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A Jerk On One End, Reflections of a Mediocre Fisherman by Robert Hughes

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Reviewed by Terry Lawton

A Jerk On One End is a slim volume written by Robert Hughes who hails from Australia although he has lived in the USA since 1970 where he has been the Art critic for Time magazine for more than 25 years. The book was published originally in hardback in 1999 and has just been published as a paperback, no doubt in time for the Sydney Olympic Games. Thank God fly fishing is not yet an Olympic sport.

The book is in three sections: Salt Water, Fresh Water and Troubled Water. Although Hughes fished with his family in Australia, there is nothing in the book to help anyone going to that country who might want to fish there. Perhaps this is understandable after the dressing down he got from his father when he caught a trout on a live grasshopper. 'You got that trout with a hopper. You will never do that again. People who use live bait on trout are not fit to fish. They are thugs. They are barbarians. They might as well be using dynamite.' I am sure those who have dapped live daddy longlegs or mayflies on Irish loughs will not see it that way.

He was to make up for it in later years when he caught a fish on a fly of his own tying on 'the near abstract perfection' of Spencers Creek, a tributory of the Snowy River. The fish was a deep-bodied rainbow with flesh of deep pink that he grilled over a fire of snowgum twigs for his lunch. 'I ate every scrap of him. I had never tasted anything as delicious, or as sacremental. Later.... it occurred to me that I had at last done something, in relation to fish, of which my father would have fully approved. But he was dead, and beyond approving anything.'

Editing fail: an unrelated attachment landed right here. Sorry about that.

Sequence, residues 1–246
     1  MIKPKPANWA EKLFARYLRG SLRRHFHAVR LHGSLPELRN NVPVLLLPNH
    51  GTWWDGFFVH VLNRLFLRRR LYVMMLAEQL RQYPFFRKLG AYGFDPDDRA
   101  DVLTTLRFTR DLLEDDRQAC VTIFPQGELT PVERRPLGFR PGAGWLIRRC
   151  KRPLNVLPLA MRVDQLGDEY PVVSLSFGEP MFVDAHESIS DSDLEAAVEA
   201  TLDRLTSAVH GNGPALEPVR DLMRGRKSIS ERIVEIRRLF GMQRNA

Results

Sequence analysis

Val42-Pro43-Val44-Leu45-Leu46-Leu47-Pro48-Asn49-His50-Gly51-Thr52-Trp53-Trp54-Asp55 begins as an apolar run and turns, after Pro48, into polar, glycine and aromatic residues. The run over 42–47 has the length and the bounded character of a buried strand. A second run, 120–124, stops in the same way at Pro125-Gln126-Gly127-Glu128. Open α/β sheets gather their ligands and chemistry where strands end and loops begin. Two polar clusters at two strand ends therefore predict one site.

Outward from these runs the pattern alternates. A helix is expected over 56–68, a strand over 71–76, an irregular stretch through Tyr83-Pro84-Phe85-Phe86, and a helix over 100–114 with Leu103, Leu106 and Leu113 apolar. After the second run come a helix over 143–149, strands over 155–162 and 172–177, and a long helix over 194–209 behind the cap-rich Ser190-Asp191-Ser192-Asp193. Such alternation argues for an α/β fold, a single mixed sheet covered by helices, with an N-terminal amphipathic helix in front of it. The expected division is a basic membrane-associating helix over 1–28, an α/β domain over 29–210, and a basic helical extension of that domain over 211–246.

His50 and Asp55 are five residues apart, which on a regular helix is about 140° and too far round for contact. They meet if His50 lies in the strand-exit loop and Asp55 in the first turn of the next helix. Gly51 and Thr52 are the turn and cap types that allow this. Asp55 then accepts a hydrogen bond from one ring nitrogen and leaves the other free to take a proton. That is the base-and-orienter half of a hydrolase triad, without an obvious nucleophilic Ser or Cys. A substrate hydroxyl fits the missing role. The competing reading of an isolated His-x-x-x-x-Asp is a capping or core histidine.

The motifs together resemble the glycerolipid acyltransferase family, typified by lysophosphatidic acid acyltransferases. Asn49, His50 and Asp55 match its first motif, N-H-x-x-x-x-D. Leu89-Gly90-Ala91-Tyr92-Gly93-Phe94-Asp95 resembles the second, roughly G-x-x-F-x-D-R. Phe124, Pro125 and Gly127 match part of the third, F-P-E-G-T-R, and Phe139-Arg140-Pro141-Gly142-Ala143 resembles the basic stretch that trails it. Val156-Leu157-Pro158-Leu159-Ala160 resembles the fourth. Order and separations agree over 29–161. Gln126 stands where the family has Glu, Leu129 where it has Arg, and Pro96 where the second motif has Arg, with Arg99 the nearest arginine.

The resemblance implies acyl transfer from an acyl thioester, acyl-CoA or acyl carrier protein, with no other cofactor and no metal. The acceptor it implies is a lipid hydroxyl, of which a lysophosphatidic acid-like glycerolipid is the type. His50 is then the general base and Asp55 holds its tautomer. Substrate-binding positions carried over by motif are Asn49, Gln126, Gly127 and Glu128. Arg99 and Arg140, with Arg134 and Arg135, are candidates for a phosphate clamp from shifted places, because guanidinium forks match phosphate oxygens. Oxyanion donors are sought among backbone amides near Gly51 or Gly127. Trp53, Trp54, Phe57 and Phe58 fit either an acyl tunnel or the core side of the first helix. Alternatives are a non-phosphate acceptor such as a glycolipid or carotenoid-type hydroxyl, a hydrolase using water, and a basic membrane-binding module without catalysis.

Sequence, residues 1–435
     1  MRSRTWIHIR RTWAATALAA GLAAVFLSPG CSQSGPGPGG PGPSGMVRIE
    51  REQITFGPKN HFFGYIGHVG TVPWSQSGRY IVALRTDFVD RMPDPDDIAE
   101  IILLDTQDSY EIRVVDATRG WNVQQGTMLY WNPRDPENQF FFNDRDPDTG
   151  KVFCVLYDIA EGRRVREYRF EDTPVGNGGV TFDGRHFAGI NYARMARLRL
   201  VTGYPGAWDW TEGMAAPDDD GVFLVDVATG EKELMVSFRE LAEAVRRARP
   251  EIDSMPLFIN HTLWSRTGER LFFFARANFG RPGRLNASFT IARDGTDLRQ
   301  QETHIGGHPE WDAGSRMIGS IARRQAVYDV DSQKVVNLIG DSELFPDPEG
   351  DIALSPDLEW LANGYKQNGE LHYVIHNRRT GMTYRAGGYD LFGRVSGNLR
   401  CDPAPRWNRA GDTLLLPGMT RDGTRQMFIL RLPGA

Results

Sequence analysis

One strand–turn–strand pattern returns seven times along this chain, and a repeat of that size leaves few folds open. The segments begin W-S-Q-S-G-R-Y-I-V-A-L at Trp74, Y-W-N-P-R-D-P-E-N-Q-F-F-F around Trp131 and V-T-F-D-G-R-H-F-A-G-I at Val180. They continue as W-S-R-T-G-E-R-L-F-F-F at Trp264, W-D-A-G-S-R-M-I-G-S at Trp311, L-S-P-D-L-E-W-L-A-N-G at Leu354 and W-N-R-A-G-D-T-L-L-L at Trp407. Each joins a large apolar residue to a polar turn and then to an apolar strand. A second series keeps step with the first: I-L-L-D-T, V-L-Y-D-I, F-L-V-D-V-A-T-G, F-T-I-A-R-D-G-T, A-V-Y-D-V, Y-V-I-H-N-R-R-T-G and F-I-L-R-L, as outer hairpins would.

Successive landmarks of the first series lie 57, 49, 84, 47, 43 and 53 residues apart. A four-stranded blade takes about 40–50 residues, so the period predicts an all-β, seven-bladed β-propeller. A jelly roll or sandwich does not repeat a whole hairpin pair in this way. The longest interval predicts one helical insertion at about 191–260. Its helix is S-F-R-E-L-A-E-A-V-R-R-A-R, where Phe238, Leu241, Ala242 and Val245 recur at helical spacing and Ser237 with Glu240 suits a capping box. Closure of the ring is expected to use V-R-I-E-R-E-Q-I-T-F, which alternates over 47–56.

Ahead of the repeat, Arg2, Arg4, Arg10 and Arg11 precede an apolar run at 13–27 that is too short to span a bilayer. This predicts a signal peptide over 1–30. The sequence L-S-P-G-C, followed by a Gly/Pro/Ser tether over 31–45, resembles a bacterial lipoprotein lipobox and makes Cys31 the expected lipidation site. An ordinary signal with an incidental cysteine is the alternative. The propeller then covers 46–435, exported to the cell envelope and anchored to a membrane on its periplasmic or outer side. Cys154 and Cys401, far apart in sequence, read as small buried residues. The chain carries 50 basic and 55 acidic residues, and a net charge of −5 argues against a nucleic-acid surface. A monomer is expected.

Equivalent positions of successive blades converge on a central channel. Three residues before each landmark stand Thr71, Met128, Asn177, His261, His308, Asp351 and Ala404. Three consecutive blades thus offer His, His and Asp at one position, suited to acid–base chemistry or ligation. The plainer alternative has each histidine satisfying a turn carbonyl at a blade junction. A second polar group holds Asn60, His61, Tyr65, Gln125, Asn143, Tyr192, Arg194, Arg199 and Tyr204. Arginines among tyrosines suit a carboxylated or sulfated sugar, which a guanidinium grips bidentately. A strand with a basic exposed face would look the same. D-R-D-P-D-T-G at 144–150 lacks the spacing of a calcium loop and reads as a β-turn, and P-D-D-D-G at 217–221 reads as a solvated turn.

There is plenty of good atmospheric writing about the trials and tribulations of salt water fly fishing. The mighty marling caught by the likes of Ernest Hemingway. He would not take the opportunity to catch a large bill fish as the battle to bring it to hand to release it would probably kill it. And there are few enough os such specimens left in the seas.

Out on the flats fishing for tarpon, he writes 'Five or six at one o'clock, 100 feet out,' he (his guide) drawls, with the merest whisper of an exclamation mark.'. A fine turn of phrase. He certainly knows how to put Bambi in his place: 'the fawn with no anus'!

The last section, Troubled Water, is something of a diatribe against commercial fishing. And quite justified it is too. Cyanide fishing for reef fish? Yes, apparently. Not only does it kill fish, the fishermen if they get it wrong but most significantly, the practice destroys the coral reefs. He makes a passionate plea for a return to former standards and the need to conserve stocks of sea fish and, most important, their habitats.

As someone who disapproves of home freezing surplus fish, his comments on those anglers who must catch their limit every time they go fishing will make uncomfortable reading. And if those fishery owners who insist on releasing specially fattened fish into their waters and those who want to catch them, start to think about what they are doing and moderate or alter their behaviour, then Robert Hughes will have succeeded in his aim in writing this book.

He ends with a plea for moderation: '... to scale down your tackle, to accept the gratification of medium success with more demanding techniques in place of a big bag... Nobody really respects a meat fisherman, except other meat fishermen... It is better to release a fish than keep it, even when minimum-size rules permit you to keep it.' He claims that Dame Juliana Berners was the first to promote the concept of bag limits and catch and release back in the Middle Ages. Quite a thought.

A Jerk On One End, Reflections of a Mediocre Fisherman by Robert Hughes. Published by The Harvill Press at £6.99. Paperback 115 pages. Also available in hardback.

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